Petrobras (NYSE:PBR) has been out of favor over the last couple of years, due to its weak share performance. Despite the company's strong long-term growth prospects, it has failed to deliver value to its shareholders mainly because of two factors: lower oil production growth than expected, and state-fixed fuel retail prices leading to losses. However, these two factors seem to be largely over, given its recent data regarding oil production growth and gasoline/diesel price increases. Therefore, Petrobras may now offer a good value proposition, taking into account its long-term growth prospects, cheap valuation, and a good dividend yield of 3.7%. This yield is not among the highest in the oil majors industry, but is attractive for income investors due to the company's strong expected growth over the coming years, which should lead to higher dividends over the long-term.
Petrobras is a Brazilian state-owned company operating in the oil & gas industry. It is the biggest company in Brazil and was founded in 1953. The Brazilian government is the main shareholder and, by law, must maintain control of the company. Currently, it does so with 61% of voting shares. Petrobras has a market capitalization of about $90 billion, and is traded in the US as American Depositary Receipts [ADR] with each ADR representing two ordinary shares. Its free-float is about 51% of its capital.
Despite being present internationally, Petrobras is mainly a domestic company given that more than 90% of its revenues and oil reserves are based in Brazil. It is an integrated company with operations in oil and gas upstream, downstream, trade, transportation, petrochemicals, beyond other activities. It has upwards of 100 production platforms, 16 refineries, 30,000 kilometers of pipelines, and more than 6,000 retail stations. Its proved reserves are above 15 billion barrels of oil, a figure expected to double in the next few years. The vast majority of its reserves are located in deep water and ultra deep-water.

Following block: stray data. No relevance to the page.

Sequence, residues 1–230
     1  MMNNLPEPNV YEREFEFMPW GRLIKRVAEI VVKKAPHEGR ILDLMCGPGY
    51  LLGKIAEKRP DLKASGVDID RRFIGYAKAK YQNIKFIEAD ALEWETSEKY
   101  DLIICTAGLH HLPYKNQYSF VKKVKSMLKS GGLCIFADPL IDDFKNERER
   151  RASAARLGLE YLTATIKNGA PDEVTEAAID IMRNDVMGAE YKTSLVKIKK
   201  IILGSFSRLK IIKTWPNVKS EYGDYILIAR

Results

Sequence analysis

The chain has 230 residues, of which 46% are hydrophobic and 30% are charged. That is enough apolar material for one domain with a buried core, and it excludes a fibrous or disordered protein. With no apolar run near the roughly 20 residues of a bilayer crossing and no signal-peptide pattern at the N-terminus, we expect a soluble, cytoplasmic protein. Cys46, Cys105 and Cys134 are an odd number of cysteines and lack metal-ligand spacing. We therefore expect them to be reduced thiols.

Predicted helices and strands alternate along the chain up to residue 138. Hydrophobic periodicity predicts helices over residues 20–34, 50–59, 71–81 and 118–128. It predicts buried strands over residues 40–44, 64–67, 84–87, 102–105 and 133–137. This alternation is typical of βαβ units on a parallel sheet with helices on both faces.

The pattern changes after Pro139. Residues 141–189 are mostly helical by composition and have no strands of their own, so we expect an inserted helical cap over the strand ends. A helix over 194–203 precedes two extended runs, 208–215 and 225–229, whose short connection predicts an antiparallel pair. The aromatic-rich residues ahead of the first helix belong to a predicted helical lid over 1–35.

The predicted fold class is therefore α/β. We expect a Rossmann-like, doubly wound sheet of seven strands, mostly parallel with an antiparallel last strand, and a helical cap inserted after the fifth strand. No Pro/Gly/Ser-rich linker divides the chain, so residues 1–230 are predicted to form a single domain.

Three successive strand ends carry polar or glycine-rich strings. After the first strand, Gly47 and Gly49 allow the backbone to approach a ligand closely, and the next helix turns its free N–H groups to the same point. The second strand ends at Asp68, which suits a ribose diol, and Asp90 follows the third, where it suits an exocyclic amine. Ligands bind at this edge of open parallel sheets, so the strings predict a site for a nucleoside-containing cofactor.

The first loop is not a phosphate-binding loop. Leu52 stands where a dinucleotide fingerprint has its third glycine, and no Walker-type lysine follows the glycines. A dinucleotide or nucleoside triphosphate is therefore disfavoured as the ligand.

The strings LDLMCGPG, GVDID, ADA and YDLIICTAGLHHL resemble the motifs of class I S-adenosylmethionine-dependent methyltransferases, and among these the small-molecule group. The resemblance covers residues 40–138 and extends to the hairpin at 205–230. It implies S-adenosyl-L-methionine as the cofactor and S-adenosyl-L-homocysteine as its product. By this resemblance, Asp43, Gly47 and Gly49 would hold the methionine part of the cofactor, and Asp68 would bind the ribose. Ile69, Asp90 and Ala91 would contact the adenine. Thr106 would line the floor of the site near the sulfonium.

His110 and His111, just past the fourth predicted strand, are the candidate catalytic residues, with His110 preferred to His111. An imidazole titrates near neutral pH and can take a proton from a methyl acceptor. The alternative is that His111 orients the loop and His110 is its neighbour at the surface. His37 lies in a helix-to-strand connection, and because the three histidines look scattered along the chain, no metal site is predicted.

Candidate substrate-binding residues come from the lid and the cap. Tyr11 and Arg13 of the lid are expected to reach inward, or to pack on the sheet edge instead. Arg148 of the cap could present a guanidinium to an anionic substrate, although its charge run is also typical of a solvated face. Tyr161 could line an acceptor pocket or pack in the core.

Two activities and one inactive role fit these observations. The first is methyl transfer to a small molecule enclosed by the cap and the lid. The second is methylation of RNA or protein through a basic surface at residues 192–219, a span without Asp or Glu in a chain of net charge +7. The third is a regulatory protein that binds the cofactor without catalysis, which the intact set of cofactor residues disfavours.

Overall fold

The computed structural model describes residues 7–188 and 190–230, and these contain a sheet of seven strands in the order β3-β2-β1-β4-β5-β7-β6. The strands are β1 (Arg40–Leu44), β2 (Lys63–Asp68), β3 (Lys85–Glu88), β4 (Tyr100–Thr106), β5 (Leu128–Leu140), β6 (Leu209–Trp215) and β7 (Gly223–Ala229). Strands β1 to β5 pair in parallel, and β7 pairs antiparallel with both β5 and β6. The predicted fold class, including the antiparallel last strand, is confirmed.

Brazil has discovered a lot of oil over the last few years, holding the world's biggest discoveries since the year 2000. In 2007, it discovered the world's largest oil well in the last 30 years, with the Tupi well discovery in the pre-salt region. Recoverable volumes are confirmed to range between 5 and 8 billion barrels of oil and natural gas. Petrobras is the block operator with a 65% stake, with BG Group (OTCQX:BRGYY) holding 25% and Galp Energia (OTCPK:GLPEY) the remaining 15%. In the last 14 months, the company has made 53 discoveries, from which 25 were off-shore. With the discovery of oil and gas in the pre-salt region, Brazil may become the world's fourth biggest oil producer in 2030.
Therefore, Petrobras is passing through a transformational cycle and offers investors a unique growth opportunity within the major global oil companies over the long-term. The company recently released its business plan for the period 2013-2017, expecting total investments of $236 billion or about $60 billion per year. The vast majority of this investment program will be funded from operating cash flow. Naturally, to reach its production growth targets, the company will deploy 62% of its planned investments in its E&P operations. Given this huge investment program expected over the next few years, Petrobras should be able to achieve much higher oil production, revenues, and earnings growth rates than its major global peers. Moreover, the company does not expect any equity issuance during this year, so current shareholders will benefit greatly from its growth prospects without the risk of being diluted.
In 2012, Petrobras achieved more than $124 billion in revenues, an increase of 15% from the previous year. However, its net income stood at $11 billion, a big drop from the $20 billion achieved in 2011 due to losses in its downstream operations. Over the next few years, the company's revenues should continue to increase due to an increase in the consumption of oil derivatives in Brazil and higher fuel prices.
Petrobras offers an interesting income stream given the current dividend yield of about 3.7%, based on its ADR dividend history. Petrobras distributes cash flow to its shareholders from two ways: dividends and interest on capital. For simplicity, I consider both cash payments as dividends. In 2012, the company distributed $0.53 per share.